Once again, I have to say that Xandra behaves more like a 17-year-old  adolescent than a 27-year-old woman. It's a wonder that she (and the reader) don't suffer from whiplash as she changes her mind about Declan from one moment (or paragraph) to the next. For example, on one page she muses, "I know he's got my best interest at heart. No matter what he's doing, no matter how he's doing it, I know that what he really wants is to protect me." (p. 168), but several paragraphs later, she's thinking "How can I trust him when the shadows around him grow darker with each day that passes?" (p. 169) Following this mercurial flip-flop, she and Declan indulge in yet another gratuitous sex scene. This cycle of immature emotional fluctuation repeats itself over and over again to the point that I found myself just paging past all that angst. All the way through the book, Xandra worries that Declan's darkness is affecting her lightnessthat being with him will make her darker and that she cannot live with his dark side. Then, late in the story, she has a major epiphany, claiming that she realizes for the very first time that "we see things differentlymagic, the world, ourselves and each otherwill probably always see things differently." (p. 181) How in the world can she just now be realizing their differences when that is exactly what she has been whining about for the past 180 pages? Back on p. 143, Lily even points it out to her in no uncertain terms: "Declan's an eye-for-an-eye kind of guy. You didn't really expect anything different from him, did you?"

     Xandra always assumes that anything Declan thinks or does is motivated solely by his darkness, so when he explains his theory that a conspiracy connects some of the crimes they are investigating, she castigates him and accuses him of jumping to these dark conclusions without thinking things through. I have to tell you, it was a comedic moment (for me, anyhow) when Declan responded, "Don't lecture me in that prissy tone, Xandra." (p. 230) (Of course, Xandra is highly offended, but Declan is absolutely correct.)

     Another common theme in Xandra's interior monologues is her fragility. She frequently admits to herself that she feels fragile, but then she gets insulted when Declan worries aloud about her fragility. Speaking of Declan, he is constantly scooping Xandra up and carrying her around, washing (and conditioning!) her hair, and healing her many, many wounds and bruises. While she always reminds him that she is tough and independent and can take care of herself, she generally appears to be enjoying every bit of his over-protective attention.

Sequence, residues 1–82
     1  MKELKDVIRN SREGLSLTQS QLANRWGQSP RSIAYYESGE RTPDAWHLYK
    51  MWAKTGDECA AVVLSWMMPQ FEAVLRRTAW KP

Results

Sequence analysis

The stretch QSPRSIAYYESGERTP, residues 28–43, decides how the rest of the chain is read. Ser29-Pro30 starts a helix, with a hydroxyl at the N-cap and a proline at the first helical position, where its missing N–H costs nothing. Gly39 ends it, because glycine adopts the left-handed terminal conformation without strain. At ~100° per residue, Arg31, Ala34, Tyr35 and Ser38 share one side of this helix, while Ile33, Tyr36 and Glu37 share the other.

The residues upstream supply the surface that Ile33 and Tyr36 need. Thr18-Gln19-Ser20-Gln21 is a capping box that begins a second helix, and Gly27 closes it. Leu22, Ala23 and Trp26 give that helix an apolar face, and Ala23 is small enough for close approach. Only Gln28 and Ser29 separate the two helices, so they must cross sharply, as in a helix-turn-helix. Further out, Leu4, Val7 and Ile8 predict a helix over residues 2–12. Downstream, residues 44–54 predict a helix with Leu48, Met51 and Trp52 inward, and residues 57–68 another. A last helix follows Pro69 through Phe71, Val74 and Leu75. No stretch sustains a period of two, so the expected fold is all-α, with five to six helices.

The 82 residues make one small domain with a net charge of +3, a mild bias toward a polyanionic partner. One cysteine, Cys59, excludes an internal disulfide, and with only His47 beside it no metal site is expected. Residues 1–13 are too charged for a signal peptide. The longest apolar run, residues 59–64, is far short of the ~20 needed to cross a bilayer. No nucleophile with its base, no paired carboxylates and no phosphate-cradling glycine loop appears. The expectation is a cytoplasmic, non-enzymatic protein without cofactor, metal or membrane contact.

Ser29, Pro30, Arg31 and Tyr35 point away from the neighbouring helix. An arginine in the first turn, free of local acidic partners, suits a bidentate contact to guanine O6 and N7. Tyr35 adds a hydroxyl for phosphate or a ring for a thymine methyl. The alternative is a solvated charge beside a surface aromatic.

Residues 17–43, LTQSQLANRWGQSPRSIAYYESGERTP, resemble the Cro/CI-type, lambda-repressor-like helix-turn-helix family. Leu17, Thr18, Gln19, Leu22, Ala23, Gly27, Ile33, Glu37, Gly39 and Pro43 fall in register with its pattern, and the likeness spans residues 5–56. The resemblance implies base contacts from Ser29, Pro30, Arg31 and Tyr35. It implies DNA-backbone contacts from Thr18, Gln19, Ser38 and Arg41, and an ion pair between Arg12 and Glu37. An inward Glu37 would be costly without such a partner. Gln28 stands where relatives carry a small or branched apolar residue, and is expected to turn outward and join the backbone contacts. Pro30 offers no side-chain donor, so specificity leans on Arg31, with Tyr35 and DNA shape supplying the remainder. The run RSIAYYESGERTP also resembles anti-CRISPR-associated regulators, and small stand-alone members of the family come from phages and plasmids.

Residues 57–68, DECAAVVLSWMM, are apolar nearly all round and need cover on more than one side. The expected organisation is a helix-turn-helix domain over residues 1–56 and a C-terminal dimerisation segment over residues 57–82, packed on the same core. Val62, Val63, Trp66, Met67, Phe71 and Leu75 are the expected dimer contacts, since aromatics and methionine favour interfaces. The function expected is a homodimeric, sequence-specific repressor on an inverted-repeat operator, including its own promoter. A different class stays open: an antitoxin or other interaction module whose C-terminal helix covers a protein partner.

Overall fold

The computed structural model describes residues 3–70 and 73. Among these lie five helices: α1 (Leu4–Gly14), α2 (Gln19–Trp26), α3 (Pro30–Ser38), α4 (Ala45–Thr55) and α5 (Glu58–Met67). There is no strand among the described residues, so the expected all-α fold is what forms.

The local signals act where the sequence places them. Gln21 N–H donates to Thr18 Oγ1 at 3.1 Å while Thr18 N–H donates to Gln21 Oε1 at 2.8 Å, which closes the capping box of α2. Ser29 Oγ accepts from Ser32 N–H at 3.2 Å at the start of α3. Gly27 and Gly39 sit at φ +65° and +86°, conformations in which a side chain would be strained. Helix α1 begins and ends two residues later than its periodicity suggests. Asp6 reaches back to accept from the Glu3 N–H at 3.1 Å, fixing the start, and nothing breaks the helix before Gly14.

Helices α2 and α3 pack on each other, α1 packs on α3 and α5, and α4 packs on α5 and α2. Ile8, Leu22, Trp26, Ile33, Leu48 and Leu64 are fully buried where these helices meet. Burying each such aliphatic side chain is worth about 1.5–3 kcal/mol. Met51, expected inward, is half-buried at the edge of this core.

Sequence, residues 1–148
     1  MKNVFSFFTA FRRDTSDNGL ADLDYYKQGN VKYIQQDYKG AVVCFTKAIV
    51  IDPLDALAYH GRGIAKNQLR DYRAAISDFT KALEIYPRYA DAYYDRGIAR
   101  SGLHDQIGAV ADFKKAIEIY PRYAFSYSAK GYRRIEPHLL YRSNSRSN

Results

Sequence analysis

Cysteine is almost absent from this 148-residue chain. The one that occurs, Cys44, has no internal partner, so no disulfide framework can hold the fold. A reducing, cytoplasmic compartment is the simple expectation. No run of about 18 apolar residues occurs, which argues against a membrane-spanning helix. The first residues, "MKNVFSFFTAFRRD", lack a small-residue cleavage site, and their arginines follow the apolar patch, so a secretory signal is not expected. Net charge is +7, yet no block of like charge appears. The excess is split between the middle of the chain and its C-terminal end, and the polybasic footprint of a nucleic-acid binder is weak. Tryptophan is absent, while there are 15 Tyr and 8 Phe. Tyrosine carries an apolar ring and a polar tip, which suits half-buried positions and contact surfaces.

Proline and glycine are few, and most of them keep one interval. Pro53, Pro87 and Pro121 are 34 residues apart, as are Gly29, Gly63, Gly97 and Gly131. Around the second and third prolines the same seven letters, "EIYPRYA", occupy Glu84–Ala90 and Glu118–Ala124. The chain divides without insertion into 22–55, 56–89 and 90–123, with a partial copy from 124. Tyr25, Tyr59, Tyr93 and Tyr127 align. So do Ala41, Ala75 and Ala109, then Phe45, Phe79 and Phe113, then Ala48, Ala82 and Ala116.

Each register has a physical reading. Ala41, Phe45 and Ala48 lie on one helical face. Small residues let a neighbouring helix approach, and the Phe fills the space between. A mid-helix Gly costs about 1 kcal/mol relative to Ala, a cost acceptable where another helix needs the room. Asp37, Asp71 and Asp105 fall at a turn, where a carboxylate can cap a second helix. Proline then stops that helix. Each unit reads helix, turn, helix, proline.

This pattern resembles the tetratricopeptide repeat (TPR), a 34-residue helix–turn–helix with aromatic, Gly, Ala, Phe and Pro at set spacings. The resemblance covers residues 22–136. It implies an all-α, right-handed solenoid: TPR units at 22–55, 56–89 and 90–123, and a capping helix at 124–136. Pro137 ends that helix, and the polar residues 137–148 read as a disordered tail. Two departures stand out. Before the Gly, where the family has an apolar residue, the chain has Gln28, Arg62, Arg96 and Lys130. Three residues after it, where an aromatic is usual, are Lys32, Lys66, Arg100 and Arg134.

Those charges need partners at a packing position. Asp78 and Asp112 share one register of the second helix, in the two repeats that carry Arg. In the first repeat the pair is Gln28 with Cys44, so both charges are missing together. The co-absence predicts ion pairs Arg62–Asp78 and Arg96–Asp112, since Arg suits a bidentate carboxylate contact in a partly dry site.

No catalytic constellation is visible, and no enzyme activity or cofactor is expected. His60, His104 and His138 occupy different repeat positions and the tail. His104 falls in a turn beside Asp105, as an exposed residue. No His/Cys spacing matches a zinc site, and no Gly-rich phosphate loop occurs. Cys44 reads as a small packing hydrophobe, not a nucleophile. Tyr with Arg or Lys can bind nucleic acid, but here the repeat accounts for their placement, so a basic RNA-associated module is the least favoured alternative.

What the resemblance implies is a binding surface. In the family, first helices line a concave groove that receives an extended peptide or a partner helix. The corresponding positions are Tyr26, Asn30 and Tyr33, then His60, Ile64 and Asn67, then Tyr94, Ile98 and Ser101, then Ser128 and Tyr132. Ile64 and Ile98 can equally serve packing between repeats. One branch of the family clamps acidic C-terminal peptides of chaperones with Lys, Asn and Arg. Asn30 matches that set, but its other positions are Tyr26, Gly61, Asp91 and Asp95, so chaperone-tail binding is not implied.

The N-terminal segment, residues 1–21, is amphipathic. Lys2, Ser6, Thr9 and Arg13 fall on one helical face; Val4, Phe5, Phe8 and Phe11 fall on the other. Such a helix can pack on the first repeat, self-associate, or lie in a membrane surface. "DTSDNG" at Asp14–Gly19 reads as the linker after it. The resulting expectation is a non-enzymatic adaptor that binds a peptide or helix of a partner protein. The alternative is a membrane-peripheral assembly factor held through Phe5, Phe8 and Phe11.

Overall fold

The story has several plot bumps, such as the fact that Xandra had no idea that the ACW headquarters has been in Austin (actually, under Austin) for over a century. She is a member of the royal family, so how could she not know this? Also, once again, Xandra has several TSTL moments when she takes off all by herself, going into dangerous situations in the middle of the night (and generally being rescued by Declan).

     This book is weaker than the first, mostly because there isn't much of a plot, and the outcome is telegraphed so loudly that the resolution is a foregone conclusion. This heroine really needs to grow up so that her emotions and her behavior reflect her chronological age. If it weren't for all of the graphic sex, I'd classify this as YA fiction.

      This is a world in which witches, wizards, and warlocks live amongst humans but conceal their identities and their powers. These supernatural beings are governed by a corrupt (as is always the case) group called the Arcadian Council of Witches, Wizards and Warlocks (ACW). Here is one council employees' description of the group: "The Council is made up of twelve indomitable personalities, all of whom are convinced they are right one hundred per cent of the time. Which can be…challenging when they're at different ends of the spectrum and I'm stuck in the middle, trying to figure out whose orders I'm supposed to follow." (p. 91) And here is the heroine's view of the ACW: "I always thought of the ACW as this untouchable group of witches and wizards who don't actually care what people think of them since they're appointed to the Council for life." (p. 92) Members of the heroine's family believe that the ACW has taken a dark turn in recent years. In fact, the heroine's father refused to take his inherited seat on the Council for that very reason. In general, the American witches don't pay too much attention to the Council, because it is headquartered in Europe and has left the Americans alone for many years. That, however, is about to change. At one point in the story, there is a hint that other types of supernatural beings exist when a Council enforcer says, "The cats and fairies are particularly troublesome." (p. 175) The first book, though, includes only witches, warlocks, and wizards.